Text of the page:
Since we’ve determined that line 96 is where the URL is called (variable LidvFFe), I put a wscript.echo command right after it (line 97, above). If we call up our script from the command line with cscript, variables LidvFFe and Zbqxn should be printed to the screen. Note, you’ll have to remove the apostrophe that comments out the line.


Decoded base64:    Windows Defender - 6,21,0|Microsoft Windows 10 Pro

We can then see all four URLs contained in this script. Tacked onto the end is a long string of base64 encoded text. While it is simple enough to decode it and see what it contains, how did it get there?

Getting System Information

Variable Zbqxn comes from line 92. The information in it originally comes from function uTFjNC which grabs system information, which then gets fed into VUjtEX and encoded into base64.

Function uTFjNC is mostly a bunch of hex characters and junk code.

However, if we condense the hex characters, get rid of the junk code, and rename some variables, it begins to make more sense. The script is creating a WMI instance to query information about the machine. Seems like it is looking for AntiVirus products and information on the Operating System.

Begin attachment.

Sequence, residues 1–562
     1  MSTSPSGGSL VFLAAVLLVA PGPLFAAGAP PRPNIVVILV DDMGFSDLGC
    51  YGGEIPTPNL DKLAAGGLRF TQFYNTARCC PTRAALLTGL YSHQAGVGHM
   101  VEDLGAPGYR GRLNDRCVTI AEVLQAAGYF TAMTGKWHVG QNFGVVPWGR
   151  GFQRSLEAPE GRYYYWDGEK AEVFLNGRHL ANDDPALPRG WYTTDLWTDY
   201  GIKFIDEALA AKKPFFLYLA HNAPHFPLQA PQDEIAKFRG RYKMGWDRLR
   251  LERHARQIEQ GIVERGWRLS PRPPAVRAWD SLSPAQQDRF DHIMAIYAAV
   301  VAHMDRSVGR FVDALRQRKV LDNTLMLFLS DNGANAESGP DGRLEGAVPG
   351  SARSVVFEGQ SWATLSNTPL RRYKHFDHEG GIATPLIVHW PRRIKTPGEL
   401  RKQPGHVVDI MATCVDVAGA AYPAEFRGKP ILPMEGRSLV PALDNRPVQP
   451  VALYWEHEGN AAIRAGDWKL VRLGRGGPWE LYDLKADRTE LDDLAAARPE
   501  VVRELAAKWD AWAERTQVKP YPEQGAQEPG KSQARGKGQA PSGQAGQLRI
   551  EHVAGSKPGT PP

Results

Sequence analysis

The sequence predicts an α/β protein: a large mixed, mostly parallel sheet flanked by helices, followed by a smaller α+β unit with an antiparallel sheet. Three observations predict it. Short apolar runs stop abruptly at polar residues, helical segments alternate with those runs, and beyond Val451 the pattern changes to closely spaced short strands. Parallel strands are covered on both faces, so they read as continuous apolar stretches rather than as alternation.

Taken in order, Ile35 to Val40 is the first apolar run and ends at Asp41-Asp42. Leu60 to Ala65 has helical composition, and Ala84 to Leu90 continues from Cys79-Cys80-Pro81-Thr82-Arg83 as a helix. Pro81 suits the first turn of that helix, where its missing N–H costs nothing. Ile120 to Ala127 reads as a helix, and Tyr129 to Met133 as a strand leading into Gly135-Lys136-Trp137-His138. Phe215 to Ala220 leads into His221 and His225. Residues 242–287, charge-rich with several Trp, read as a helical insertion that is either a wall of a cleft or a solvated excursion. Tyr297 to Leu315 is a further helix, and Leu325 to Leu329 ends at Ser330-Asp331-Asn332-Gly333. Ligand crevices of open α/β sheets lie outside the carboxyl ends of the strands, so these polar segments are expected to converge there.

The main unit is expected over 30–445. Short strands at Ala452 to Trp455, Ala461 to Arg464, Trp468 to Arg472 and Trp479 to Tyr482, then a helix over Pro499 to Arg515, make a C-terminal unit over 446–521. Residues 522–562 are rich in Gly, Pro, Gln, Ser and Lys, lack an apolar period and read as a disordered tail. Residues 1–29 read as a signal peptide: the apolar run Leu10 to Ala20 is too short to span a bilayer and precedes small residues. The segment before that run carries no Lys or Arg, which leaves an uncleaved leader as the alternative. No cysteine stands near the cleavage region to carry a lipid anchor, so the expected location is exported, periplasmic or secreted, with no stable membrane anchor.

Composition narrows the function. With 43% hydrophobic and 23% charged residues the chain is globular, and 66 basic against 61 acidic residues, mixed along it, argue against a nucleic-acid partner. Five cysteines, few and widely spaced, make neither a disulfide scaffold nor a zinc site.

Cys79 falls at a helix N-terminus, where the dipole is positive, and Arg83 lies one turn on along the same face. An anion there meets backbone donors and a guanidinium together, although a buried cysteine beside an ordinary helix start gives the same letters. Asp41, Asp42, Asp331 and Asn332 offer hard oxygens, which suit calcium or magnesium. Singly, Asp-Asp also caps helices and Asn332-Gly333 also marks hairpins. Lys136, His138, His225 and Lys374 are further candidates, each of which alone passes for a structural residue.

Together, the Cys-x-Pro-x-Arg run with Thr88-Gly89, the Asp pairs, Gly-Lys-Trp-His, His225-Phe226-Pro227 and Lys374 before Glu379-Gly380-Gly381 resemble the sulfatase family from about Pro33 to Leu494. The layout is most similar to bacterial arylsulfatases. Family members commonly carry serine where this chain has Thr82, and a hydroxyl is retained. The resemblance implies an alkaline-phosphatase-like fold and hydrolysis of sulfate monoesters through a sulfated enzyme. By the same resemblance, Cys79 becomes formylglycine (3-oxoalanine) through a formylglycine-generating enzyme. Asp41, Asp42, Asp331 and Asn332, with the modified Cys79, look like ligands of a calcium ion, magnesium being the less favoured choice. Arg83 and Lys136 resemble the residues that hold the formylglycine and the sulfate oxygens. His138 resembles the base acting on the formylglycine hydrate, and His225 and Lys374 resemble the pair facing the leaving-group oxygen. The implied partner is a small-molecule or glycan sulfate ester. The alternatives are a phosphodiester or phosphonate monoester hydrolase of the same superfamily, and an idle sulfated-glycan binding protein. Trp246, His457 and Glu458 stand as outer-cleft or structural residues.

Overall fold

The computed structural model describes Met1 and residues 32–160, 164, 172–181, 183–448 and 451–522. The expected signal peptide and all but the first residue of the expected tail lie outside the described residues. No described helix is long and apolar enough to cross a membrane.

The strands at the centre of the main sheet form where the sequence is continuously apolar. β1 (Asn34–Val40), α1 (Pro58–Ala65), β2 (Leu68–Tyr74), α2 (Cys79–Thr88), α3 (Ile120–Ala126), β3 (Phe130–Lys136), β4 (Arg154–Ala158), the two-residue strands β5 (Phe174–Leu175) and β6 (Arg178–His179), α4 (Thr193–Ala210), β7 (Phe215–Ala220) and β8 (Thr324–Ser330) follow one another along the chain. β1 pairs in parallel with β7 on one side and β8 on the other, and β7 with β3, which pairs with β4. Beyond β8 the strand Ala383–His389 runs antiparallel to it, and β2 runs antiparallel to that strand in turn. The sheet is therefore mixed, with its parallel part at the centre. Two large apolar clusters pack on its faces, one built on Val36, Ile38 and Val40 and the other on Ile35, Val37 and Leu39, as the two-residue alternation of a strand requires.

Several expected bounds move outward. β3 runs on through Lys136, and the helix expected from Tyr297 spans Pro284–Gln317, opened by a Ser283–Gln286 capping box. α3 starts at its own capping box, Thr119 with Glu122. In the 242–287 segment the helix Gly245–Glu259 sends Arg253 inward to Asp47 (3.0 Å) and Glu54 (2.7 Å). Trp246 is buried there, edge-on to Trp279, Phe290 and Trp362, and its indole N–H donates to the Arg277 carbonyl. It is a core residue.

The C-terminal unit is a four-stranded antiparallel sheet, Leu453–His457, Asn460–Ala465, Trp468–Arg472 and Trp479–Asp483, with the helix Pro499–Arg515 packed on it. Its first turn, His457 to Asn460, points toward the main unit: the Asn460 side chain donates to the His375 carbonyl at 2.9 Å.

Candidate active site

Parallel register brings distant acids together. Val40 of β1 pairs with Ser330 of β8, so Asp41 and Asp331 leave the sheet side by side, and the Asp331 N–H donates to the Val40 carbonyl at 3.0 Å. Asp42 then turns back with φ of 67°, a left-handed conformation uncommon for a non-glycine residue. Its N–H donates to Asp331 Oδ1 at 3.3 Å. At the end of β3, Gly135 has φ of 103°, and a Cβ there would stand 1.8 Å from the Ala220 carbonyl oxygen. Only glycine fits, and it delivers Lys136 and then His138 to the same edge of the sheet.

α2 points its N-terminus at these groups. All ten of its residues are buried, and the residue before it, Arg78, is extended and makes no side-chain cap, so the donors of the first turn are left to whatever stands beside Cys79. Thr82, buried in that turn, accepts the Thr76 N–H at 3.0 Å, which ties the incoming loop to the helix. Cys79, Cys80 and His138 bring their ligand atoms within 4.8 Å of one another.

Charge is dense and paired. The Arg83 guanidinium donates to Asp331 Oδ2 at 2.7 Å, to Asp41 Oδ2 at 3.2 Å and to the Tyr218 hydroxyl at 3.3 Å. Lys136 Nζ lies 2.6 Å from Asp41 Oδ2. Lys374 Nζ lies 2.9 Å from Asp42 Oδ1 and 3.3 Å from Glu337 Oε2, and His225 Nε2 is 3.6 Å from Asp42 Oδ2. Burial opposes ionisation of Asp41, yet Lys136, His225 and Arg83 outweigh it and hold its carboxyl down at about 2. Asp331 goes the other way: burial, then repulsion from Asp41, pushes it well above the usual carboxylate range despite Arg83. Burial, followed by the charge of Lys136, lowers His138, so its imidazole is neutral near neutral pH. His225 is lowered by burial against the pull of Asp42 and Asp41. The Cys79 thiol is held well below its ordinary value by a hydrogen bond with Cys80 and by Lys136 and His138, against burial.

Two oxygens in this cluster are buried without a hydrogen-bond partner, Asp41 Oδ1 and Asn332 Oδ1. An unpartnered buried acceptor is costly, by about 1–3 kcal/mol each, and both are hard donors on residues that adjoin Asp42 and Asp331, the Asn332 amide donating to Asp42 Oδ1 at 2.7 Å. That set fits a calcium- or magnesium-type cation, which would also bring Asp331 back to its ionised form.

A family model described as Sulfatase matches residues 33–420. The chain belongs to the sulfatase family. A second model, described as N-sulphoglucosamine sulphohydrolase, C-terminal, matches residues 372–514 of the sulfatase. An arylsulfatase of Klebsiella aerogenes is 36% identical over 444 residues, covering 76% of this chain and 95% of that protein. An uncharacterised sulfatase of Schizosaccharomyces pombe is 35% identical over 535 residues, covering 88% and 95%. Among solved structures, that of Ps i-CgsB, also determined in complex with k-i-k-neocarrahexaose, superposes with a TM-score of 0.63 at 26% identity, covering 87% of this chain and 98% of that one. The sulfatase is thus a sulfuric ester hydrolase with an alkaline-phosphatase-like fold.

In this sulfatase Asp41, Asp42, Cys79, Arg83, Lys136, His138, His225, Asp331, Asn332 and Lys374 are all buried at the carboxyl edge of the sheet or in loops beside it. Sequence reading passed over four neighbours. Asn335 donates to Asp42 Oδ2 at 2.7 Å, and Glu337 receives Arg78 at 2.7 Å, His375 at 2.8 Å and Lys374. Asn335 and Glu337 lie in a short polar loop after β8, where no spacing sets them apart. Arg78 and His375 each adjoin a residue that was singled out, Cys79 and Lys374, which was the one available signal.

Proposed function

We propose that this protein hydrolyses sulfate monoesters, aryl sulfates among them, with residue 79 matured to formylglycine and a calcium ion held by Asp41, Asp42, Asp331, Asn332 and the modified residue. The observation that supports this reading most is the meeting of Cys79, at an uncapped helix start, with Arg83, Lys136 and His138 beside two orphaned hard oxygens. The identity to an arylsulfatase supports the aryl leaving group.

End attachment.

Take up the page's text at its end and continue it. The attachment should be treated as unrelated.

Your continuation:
Persistence: Task Scheduler

Finally, this script establishes persistence. After an executable gets downloaded to the Temp folder and named PaintHelper.exe, the script creates a scheduled task. Look for the variable named margaritasexy to see the beginning of that section. It calls up Schedule.service on line 388.

From there it sets up things like the name of the task, what time it will run, and what will be executed. Here’s what it looks like in Task Scheduler and in the registry.

NOTE the red arrow pointing from Id to the Tasks folder. That ID ({56D3…}) also has an entry in the Tasks folder above. That needs to be deleted as well.

My deobfuscated script

As promised, my cleaned-up script can be found here:

And as always, thanks for reading.

COVID-19, Excel 4.0 Macros, and Sandbox Detection – #zloader

This email came across my desk this morning. It has a COVID-19 theme along with this .xls attachment.

First things first, we can see in the first picture below that it does say we’ve got an Excel 4.0 macro sheet, very hidden. This is good information for how to tackle this document. While does extract the OLE stream, the output isn’t all that helpful. I don’t blame that on the tool. I believe it is due to the way this macro has been obfuscated. Either way, we can tell that something is going on here.

This blog post from SANS shows how to examine the OLE object using Again, the output isn’t very helpful.

Getting to the macro

How then can we examine the actual macro inside the document? Notice how the output of both and showed that the Excel 4.0 macrosheet was very hidden.

Google tells you that there are multiple ways to get these sheets visible. I tried a bunch of them and the method described here worked for me. You will need the following code:

Sub ShowAllSheets()
    Dim sh As Worksheet
    For Each sh In ActiveWorkbook.Sheets
    sh.Visible = True
End Sub